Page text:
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US bans antibac soaps as evidence linking them with drug-resistant infections mounts

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 The US Food and Drug Administration (FDA) has banned the sale of antibacterial soaps, saying industry had failed to prove they were safe to use over the long term or more effective than using ordinary soap and water.

The US regulator took action against 19 different chemicals and has given industry a year to take them out of their products. Around 40 percent of soaps — including liquid hand soap and bar soap – contain the chemicals. Triclosan, mostly used in liquid soap, and triclocarban, in bar soaps, is the antibacterial chemical most commonly used in US products.

The rule currently applies only to consumer hand washes and soaps. However, the agency is also reviewing the safety and efficacy of hand sanitizers and wipes, and has asked companies for data on three active ingredients — alcohol, isopropyl alcohol and benzalkonium chloride — before issuing a final rule on them.

The director of the FDA’s Center for Evaluation and Research said the many antibacterial and antimicrobial soaps may not have any health benefits at all. “Consumers may think antibacterial washes are more effective at preventing the spread of germs, but we have no scientific evidence that they are any better than plain soap and water. In fact, some data suggests that antibacterial ingredients may do more harm than good over the long term.”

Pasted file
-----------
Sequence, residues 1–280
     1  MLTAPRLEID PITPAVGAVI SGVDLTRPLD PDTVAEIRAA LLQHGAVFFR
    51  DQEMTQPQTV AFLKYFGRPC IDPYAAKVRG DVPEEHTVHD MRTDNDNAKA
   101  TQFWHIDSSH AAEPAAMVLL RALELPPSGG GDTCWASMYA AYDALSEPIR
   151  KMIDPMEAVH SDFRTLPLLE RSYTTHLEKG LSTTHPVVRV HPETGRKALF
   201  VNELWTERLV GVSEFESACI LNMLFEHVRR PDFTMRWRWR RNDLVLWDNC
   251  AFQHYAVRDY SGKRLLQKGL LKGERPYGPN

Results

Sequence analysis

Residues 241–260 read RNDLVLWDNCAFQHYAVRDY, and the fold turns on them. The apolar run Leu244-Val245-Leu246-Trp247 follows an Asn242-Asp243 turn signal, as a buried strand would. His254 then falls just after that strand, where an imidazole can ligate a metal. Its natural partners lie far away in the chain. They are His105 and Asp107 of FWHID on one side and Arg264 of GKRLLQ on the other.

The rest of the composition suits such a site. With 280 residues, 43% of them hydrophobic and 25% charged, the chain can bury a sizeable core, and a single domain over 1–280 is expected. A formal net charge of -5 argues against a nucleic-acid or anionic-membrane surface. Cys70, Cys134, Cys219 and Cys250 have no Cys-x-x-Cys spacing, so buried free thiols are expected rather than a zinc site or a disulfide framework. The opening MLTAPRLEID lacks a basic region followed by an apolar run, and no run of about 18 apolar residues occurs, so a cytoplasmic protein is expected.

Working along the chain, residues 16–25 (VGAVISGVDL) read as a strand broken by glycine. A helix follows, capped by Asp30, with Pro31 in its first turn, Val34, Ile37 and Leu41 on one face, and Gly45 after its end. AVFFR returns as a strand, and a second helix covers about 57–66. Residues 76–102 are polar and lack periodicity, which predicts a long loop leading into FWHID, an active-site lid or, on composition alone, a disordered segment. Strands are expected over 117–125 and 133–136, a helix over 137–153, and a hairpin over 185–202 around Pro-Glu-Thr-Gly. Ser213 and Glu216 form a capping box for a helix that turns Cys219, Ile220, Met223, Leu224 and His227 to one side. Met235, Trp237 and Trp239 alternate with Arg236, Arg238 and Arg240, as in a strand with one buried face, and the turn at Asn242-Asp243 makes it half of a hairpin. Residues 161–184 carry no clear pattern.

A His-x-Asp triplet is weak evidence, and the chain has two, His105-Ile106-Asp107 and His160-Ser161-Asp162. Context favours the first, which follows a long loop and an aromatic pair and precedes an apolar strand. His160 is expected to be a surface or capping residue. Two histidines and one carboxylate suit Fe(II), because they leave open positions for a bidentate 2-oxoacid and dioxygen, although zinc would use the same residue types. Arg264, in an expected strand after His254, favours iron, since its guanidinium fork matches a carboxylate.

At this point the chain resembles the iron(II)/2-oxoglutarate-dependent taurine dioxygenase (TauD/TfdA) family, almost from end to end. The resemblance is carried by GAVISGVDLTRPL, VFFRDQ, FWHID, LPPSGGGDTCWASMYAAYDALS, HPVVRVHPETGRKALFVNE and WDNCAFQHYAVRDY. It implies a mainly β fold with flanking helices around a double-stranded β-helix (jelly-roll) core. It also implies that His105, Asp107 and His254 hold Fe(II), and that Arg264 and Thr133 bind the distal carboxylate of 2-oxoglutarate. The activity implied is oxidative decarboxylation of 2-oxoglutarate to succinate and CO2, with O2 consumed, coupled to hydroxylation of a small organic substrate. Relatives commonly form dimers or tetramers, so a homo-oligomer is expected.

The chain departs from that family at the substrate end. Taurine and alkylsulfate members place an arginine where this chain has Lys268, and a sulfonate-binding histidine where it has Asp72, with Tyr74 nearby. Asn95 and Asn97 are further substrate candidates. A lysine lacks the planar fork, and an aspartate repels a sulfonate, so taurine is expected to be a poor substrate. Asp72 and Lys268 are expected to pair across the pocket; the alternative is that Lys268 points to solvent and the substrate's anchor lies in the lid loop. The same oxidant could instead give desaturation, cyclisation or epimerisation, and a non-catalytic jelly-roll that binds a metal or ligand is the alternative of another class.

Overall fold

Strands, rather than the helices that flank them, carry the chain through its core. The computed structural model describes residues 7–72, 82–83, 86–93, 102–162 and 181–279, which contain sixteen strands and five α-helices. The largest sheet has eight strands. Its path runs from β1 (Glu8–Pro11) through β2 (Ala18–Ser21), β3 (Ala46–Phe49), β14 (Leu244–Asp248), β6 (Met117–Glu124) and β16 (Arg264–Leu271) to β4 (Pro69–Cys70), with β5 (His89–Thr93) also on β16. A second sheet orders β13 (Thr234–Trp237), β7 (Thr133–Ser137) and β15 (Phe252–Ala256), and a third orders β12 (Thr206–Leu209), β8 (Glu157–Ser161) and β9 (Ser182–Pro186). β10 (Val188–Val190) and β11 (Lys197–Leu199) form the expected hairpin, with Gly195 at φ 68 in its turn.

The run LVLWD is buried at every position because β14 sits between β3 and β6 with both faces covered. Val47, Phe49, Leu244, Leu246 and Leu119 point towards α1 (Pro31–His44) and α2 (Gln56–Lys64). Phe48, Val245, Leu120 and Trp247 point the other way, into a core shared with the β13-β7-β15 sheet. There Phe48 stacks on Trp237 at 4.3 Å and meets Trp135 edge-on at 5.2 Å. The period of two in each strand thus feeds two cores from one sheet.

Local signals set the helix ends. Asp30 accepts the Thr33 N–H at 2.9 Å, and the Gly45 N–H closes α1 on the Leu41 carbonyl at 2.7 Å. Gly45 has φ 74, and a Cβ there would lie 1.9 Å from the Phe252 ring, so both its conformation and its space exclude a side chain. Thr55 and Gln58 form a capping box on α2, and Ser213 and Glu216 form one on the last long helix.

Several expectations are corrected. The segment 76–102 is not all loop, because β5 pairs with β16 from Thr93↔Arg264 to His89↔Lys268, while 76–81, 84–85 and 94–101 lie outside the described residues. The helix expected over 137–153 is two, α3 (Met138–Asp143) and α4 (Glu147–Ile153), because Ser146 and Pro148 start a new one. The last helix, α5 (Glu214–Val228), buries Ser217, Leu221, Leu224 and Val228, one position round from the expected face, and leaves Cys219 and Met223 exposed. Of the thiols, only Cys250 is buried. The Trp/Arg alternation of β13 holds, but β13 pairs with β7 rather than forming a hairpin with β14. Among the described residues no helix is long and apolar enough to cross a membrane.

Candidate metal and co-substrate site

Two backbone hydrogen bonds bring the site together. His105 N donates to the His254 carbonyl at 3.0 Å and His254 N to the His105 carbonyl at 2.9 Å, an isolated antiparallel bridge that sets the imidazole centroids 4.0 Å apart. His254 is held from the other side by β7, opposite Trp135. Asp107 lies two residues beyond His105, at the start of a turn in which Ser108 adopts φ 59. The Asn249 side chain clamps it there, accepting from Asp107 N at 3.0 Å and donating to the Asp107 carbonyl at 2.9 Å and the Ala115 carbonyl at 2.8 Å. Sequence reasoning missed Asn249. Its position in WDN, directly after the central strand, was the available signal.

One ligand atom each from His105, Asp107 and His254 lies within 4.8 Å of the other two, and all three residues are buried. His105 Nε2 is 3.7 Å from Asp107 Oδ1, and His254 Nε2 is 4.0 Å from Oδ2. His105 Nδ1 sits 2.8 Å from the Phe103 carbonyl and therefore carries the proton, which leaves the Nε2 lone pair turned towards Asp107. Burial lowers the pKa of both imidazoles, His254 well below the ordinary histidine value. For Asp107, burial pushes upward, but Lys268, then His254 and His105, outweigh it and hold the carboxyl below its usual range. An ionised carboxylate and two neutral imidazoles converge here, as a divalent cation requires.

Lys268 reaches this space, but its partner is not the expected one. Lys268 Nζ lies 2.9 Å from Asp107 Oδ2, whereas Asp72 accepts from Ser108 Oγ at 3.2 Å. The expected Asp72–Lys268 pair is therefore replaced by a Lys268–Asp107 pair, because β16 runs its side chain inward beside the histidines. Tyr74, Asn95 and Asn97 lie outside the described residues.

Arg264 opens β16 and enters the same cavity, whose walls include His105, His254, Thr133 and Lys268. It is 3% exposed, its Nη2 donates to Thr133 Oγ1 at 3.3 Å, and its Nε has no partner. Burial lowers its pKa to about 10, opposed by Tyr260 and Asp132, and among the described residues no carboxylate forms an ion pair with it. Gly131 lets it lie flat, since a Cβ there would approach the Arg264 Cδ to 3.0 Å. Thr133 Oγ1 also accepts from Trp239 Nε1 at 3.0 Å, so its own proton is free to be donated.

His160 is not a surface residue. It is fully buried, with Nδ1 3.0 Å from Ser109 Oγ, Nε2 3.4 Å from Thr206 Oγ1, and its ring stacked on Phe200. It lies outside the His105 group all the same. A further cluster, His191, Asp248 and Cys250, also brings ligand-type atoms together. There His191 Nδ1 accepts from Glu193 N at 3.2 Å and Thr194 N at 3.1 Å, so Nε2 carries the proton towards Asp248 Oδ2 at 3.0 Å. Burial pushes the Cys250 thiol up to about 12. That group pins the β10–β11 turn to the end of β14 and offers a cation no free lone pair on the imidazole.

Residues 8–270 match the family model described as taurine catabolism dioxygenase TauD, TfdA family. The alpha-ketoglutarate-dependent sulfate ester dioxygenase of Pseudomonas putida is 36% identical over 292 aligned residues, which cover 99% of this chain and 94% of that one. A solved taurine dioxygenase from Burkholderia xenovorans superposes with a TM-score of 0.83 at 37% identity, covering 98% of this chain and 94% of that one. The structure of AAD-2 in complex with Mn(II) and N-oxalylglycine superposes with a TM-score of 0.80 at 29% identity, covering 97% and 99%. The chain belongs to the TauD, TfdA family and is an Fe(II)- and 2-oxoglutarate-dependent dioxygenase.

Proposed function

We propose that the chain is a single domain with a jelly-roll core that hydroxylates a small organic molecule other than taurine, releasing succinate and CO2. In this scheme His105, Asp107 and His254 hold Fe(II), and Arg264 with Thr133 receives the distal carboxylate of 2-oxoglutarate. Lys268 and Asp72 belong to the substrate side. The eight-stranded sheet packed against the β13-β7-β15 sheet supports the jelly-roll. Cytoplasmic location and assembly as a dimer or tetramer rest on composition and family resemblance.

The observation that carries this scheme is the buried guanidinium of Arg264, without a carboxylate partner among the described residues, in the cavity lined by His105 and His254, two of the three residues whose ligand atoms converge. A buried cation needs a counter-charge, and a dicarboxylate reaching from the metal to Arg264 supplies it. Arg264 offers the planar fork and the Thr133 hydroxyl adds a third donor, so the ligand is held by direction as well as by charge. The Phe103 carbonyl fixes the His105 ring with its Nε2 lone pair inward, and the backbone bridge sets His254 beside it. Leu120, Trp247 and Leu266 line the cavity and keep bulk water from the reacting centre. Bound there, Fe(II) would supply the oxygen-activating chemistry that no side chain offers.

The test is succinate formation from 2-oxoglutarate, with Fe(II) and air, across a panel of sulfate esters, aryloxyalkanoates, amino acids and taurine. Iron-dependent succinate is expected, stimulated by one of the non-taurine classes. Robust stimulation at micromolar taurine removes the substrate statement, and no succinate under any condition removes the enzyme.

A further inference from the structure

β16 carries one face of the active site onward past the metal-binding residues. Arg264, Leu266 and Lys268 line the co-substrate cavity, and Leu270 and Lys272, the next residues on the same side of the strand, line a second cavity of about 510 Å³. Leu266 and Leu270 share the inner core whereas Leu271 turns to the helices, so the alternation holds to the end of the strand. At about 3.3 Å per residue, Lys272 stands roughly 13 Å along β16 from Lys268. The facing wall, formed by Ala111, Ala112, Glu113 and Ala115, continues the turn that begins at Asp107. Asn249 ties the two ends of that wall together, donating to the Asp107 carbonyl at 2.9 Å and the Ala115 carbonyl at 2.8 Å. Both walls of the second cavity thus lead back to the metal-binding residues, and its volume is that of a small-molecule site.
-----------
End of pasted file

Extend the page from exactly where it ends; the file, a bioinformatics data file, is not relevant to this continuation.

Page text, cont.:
“Consumers may think antibacterial washes are more effective at preventing the spread of germs, but we have no scientific evidence that they are any better than plain soap and water”

The FDA launched a review of the chemicals in antibacterial soaps in 2011 following research suggesting they might interfere with human hormones or compromise natural resistance to bacteria.

Professor Patrick McNamara, a US scientist who has conducted research into antibacterial soaps called the FDA’s decision “logical”, commenting that “ … after these chemicals are used in our homes they go down the drain to wastewater treatment plants and eventually to the environment where they can select for antibiotic resistance genes”.

The New York Times reported that some studies had shown that triclosan and triclocarban can “disrupt the normal development of the reproductive system and metabolism”.

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